Born in London in 1932, Howard Hodgkin was evacuated to he United States for a period as a child. He was trained at Camberwell from 1949 to 1950 and at Bath Academy of Art from 1950 to 1954. He taught at the Charter House School from 1954 to 1956, at the Bath Academy from 1956 to 1966 and at Chelsea School of Art from 1966 to 1974. He was Artist-in-Residence at Brasenose College in Oxford from 1976 to 1977. During the 1950s he painted mask-like faces (e.g. “Dancing”, 1959).
Widely traveled in Europe and America, Hodgkin’s visits to India have been of great importance to him. He draws on his great knowledge of Mughal Miniatures, which he collects, for the development of his semi- abstract, intensely-colored evocations of friends in their interiors, executed usually on board and often small in scale, often also integrating the painting of the frame with the picture itself. His usual method is to start from a memory, eliminating excessive detail in order to concentrate the essence of his experience in a saturation of color and pattern, sometimes overpainting a work for several years.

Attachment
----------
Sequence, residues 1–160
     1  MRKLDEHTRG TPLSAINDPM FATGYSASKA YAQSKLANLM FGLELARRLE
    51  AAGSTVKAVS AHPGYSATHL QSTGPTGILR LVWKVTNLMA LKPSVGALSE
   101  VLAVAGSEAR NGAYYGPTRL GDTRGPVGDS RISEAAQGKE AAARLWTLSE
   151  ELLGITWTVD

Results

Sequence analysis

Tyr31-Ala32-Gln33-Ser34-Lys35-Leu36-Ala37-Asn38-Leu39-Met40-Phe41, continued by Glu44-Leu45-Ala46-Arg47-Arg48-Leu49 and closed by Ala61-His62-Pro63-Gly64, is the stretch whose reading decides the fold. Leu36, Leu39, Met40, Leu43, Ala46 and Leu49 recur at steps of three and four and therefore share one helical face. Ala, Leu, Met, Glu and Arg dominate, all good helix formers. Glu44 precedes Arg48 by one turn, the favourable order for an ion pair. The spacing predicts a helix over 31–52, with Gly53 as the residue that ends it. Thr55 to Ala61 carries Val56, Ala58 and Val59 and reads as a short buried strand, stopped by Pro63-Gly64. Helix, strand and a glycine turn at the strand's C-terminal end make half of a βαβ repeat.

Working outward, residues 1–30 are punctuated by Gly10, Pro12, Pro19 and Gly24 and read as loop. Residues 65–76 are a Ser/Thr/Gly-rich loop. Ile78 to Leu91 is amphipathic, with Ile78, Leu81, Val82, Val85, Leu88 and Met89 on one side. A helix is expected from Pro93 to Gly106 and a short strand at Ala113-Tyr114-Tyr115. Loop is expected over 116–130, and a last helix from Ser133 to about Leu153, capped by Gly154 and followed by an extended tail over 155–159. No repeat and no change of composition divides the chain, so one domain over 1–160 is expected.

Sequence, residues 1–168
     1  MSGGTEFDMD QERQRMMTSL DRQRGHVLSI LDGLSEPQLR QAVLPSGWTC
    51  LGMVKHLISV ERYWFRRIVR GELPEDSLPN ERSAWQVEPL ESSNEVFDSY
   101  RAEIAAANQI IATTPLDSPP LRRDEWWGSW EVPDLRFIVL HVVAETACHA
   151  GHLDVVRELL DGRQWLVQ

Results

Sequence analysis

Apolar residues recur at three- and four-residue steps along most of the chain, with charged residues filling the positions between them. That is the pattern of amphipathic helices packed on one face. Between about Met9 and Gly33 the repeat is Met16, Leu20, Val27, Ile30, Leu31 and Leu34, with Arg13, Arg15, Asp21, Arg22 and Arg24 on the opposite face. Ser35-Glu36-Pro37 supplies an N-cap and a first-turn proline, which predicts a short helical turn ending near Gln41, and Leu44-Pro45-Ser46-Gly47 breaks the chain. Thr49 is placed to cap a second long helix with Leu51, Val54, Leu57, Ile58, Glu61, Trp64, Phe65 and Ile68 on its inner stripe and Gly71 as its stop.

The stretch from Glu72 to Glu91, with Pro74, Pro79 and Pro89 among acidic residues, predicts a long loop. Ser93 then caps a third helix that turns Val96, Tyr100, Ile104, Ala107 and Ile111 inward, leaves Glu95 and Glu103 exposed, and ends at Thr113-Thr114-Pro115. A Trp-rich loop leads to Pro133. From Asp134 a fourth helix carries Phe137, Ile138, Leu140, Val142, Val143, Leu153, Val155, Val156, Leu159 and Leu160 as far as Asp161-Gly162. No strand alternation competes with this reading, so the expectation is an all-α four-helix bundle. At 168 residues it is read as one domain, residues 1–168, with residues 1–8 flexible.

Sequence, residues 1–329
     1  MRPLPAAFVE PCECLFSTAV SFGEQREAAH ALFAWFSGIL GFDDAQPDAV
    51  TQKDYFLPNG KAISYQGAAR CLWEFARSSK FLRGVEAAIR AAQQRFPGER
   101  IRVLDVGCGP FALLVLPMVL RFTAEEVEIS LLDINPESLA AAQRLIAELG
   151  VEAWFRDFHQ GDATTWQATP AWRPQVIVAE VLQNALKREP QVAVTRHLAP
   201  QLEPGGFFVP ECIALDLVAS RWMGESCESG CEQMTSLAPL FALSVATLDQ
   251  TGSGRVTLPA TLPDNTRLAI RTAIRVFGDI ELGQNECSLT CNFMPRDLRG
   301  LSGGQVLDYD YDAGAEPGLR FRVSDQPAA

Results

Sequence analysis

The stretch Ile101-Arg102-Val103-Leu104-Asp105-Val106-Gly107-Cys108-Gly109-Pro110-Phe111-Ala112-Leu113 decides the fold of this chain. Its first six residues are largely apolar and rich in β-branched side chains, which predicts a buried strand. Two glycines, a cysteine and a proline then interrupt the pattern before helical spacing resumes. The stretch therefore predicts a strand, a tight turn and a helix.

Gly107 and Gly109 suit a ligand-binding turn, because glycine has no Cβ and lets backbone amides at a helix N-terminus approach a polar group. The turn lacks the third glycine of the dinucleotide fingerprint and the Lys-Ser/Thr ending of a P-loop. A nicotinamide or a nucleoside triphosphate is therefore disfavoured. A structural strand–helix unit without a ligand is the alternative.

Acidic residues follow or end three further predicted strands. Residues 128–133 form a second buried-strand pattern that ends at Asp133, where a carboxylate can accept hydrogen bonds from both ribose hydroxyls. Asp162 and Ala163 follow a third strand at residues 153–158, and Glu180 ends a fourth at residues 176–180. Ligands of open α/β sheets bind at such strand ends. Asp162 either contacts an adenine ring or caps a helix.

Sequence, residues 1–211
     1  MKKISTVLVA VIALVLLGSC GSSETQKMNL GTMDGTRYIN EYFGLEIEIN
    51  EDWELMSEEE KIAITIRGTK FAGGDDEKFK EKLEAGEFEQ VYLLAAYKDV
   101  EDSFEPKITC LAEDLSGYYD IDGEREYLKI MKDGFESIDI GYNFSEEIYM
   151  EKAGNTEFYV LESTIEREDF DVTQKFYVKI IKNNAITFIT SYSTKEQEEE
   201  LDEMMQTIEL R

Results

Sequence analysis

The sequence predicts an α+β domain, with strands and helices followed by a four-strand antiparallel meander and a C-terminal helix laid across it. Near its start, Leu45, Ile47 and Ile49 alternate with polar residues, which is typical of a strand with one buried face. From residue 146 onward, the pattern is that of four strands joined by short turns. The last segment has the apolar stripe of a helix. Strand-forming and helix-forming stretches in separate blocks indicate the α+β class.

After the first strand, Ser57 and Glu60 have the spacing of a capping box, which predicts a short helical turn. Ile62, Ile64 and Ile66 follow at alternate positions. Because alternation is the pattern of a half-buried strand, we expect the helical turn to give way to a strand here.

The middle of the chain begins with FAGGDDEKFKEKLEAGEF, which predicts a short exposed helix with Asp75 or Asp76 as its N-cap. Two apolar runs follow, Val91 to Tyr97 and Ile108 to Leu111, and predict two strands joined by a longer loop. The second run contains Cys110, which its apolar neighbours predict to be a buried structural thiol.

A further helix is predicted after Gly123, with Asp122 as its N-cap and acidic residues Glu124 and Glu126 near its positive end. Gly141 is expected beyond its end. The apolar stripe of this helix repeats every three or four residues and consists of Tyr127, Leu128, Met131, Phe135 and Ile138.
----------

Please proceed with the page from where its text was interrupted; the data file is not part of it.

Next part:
Hodgkin had a show of “Forty Paintings 1973- 1984” at the Venice Biennale in 1984, which also inaugurated the renovated Whitechapel Gallery. In 1985 he won the Turner Prize. He has been a trustee of the Tate and National Galleries.